UPDATE, Nov. 17, 5:47 p.m. — Fire Chief Scott Goldstein said crews recovered a body from Building 826, the building in which the explosion took place on Wednesday.
Police Chief Marcus Jones said that the Montgomery County Department of Police’s Major Crimes Division is involved in the investigation because the body was found. He added that detectives preliminarily were looking at the situation as a criminal investigation.
Jones said police did not have the identity of the person whose body was found. He explained there was no way of knowing if the person found dead lived there, worked there, or was visiting the condominiums. The body was sent to the medical examiner’s office in Baltimore. Officers hoped to have the name of the person Friday.
Jones said searches for other people would continue in order to ensure no one else was in the rubble.
MONTGOMERY COUNTY, Md. (DC News Now) — Emergency crews continued their work at the site of an explosion, fire, and building collapse in Gaithersburg on Thursday.
The explosion at Potomac Oaks condominiums took down part of one of the building, forcing the evacuation of it and three nearby buildings on Wednesday.
As of Thursday morning officials said they had accounted for everyone except the person or people who lived in one of 24 units.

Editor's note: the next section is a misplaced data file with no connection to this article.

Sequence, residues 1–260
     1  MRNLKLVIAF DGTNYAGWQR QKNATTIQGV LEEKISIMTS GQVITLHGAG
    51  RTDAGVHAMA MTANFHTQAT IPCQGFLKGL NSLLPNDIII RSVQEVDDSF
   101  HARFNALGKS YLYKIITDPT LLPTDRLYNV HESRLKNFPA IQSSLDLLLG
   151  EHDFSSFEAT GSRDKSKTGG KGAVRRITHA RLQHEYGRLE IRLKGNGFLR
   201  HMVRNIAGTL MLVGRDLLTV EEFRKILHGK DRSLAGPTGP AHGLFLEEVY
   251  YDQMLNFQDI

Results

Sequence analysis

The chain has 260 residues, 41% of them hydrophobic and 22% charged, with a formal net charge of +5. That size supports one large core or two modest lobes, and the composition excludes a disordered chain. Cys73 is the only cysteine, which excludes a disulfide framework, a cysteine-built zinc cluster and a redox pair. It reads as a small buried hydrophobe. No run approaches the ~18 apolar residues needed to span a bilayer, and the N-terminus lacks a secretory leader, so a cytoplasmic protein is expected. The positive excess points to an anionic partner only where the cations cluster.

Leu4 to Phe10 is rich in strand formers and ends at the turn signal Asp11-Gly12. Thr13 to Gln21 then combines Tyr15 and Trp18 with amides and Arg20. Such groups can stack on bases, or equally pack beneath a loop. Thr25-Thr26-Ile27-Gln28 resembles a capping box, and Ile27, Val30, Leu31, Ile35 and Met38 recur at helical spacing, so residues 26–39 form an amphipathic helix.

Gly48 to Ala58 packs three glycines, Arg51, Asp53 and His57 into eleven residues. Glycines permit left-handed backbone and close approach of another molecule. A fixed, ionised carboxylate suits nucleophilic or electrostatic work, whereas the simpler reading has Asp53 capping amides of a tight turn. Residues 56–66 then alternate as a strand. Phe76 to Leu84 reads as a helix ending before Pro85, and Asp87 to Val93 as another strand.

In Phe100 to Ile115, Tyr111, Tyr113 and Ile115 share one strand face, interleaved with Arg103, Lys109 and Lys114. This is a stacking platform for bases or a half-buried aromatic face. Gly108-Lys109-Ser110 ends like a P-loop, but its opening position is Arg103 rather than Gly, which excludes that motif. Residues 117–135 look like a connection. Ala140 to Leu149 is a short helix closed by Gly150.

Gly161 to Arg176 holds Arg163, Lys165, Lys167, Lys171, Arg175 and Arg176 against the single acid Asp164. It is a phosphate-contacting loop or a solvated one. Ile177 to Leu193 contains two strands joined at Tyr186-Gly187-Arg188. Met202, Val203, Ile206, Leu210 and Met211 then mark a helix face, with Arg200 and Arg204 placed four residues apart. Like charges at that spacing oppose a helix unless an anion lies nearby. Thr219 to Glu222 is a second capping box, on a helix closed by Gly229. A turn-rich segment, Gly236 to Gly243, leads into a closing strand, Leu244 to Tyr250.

Montgomery County Fire Chief Scott Goldstein said at a news conference that 14 people were hurt in the incident, two more than initially reported on Wednesday.
Of 10 people who were taken to the hospital, only one remained there late Thursday morning. That person’s condition had improved.
Goldstein said as of Wednesday night, 12 families, consisting of 34 people, had checked in with the sheltering task force that had been established. Nine of those people needed shelter assistance. Goldstein said other people were checking in on Thursday.
The fire chief said the investigation into what caused the explosion is focused not only on gas a potential catalyst, but is looking into other sources of ignition.
Because of the way the building was constructed in 1967, which included the use of heavy concrete slabs, crews expected debris removal to take days.